HPC User Report from S. Nasiri (Chair for Materials Simulation)

Molecular dynamics simulation of Fracture of Graphene sheet

We use atomistic simulation (molecular mechanics and molecular dynamics) to investigate failure of graphene sheets containing randomly distributed vacancies. We investigate the dependency of the failure stress on defect concentration and sheet size and show that our findings are consistent with the Duxbury-Leath-Beale (DLB) theory of mechanical or electric breakdown in random media.

Motivation and problem definition

Carbon nanoparticles, in particular graphene sheet, have attracted tremendous scientific and technological interest, with applications ranging from nanoelectronics to functional and structural composites . In structural applications, a most attractive feature of graphene is the extreme in-sheet elastic stiffness and rupture strength of perfect sp2 covalently bonded structures. However defects which are unavoidable during the synthesis of graphene-based device could change its mechanical properties dramatically. In this work we aim at identifying the statistical features of strength in graphene sheets containing multiple defects. To this end we conduct an investigation of sheets with randomly distributed vacancies, systematically varying both the sheet size and the vacancy concentration, and determining for each set of parameters the statistical distribution of failure stresses as obtained from an ensemble of simulations for different initial defect configurations.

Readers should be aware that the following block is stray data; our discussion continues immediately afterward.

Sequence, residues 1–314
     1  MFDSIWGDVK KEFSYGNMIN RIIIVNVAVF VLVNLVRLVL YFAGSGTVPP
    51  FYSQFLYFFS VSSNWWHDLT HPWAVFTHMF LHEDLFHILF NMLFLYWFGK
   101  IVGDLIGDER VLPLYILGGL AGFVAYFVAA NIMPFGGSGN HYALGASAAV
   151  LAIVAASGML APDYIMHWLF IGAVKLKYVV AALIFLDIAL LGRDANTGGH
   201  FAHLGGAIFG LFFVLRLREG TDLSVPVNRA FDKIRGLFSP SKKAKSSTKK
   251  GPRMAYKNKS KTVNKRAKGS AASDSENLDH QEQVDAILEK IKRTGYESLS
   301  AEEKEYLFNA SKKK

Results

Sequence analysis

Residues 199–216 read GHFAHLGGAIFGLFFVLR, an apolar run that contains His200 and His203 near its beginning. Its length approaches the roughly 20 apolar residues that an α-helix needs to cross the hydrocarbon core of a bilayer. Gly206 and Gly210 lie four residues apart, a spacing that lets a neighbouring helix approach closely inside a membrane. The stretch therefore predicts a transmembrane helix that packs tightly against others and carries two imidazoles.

Methods and codes

Emergent crack patterns and associated stress fields, vacancy fraction f = 0.5%, system size 25 × 20 nm2 , N = 19176 lattice sites; top: MM simulation, bottom: MD simulation.

In this study, we perform deformation simulations with the LAMMPS package, using both Molecular Dynamics and Molecular mechanics methods.


Our investigation shows for the case of rupture of strongly defected Graphene sheets that simple lattice models of failure in disordered materials, such as the scalar fuse model considered by DLB can provide important insights even into much more complex material systems. The energy landscape that controls microstructure evolution in strongly defected Graphene under increasing strain is characterized by multiple metastable minima indicating barriers to crack propagation, multiple microcracking, and microcrack interactions. Despite this complexity, the main statistical characteristics of failure can be envisaged within the DLB paradigm which focuses on a single critical configuration associated with geometrically adjacent defects forming a critical crack.


The first publication was on the Rupture of graphene sheets with randomly distributed defects (AIMS Materials Science, DOI:10.3934/matersci.2016.4.1340)

Researcher’s Bio and Affiliation

Samaneh Nasiri obtained her bachelor degree in Metallurgical engineering at polytechnic of Tehran in Iran, and then her master’s degree in Materials science and engineering at Tarbiat Modarres university in Tehran/Iran. She is currently a PhD student in the group of Prof. Zaiser at Materials science department, WW8.